Spatial working memory performance in mice was assessed by recording spontaneous alternation behavior in a Y-maze test (25). In this test, mice tend to explore the maze systematically, entering each arm in turn. The ability to alternate requires that the mice remember which arm they have just visited. As shown in Figure 2A, two-way ANOVA showed that MK-801 and quetiapine produced a significant change in the alternation performance in mice [F(MK-801)(1,36)=9.42, P<0.01; F(quetiapine)(1,36)=4.36, P<0.05], and that there was an interaction between the two factors [F(MK-801 × quetiapine)(1,36)=7.14, P<0.05]. A post hoc analysis revealed that the alternation performance in the MK-801 mice was less than that in the control mice, and that quetiapine significantly prevented the decrease of the alternation performance in the MK-801 mice (Figure 2A). There was no difference in the number of total arm entries among the Con, Que, MK and MK+Que groups (Figure 2B).

FIGURE 2
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Figure 2 Spatial working memory in the mice of control (Con), quetiapine (Que), MK-801 (MK), and MK-801+quetiapine (MK+Que) groups. Quetiapine attenuated the decrease of spontaneous alternation behavior in the MK-801 mice (A), and quetiapine and MK-801 had no effect on the number of total arm entries (B) during the Y-maze test in mice. n=10 in each group. Mice were treated with chronic quetiapine (10 mg/kg/day, intraperitoneally) for 28 days. From day 22 to 28, 1 h after the administration of quetiapine, the mice were administered MK-801 (2 mg/kg/day, subcutaneously). On day 30, spatial working memory performance in mice was assessed by recording spontaneous alternation behavior in a Y-maze. Results are expressed as means ± S.E.M. *P < 0.05 vs. Con, #P < 0.05 vs. MK.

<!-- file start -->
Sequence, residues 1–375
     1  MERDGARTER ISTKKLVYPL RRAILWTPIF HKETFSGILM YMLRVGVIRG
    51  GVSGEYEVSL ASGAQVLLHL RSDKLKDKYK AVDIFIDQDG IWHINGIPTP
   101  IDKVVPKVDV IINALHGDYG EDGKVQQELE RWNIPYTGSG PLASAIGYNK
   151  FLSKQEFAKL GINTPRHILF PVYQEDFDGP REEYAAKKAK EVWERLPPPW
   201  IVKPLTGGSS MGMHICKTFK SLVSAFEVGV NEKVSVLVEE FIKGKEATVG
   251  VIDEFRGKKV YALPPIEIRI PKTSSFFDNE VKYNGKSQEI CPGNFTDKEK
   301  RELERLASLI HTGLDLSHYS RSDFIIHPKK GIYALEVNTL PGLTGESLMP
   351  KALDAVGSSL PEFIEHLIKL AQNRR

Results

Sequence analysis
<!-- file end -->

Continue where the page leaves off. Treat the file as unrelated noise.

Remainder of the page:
Quetiapine Attenuated Sensorimotor Gating Deficit in the MK-801 Mice in a PPI Test

To investigate the sensorimotor gating in mice after MK-801 and quetiapine treatment, a PPI test was performed. As shown in Figure 3A, two-way ANOVA showed that MK-801 and quetiapine produced a significant change in the PPI (%) at PPI6 [F(MK-801)(1,36)=7.32, P<0.05; F(quetiapine)(1,36)=4.57, P<0.05] and PPI12 [F(MK-801)(1,36)=5.42, P<0.05; F(quetiapine)(1,36)=8.52, P<0.01] in mice, and that there was an interaction between the two factors in the PPI (%) at PPI6 [F(MK-801 × quetiapine)(1,36)=14.12, P<0.001] and PPI12 [F(MK-801 × quetiapine)(1,36)=8.62, P<0.01]. A post hoc analysis revealed that the PPI (%) in the MK-801 mice was less than that in the control mice, and that quetiapine significantly prevented the decrease of the PPI (%) in the MK-801 mice at PPI6 and PPI12 (Figure 3A). There was no difference in the PPI (%) at PPI3 among the Con, Que, MK and MK+Que groups (Figure 3A).

FIGURE 3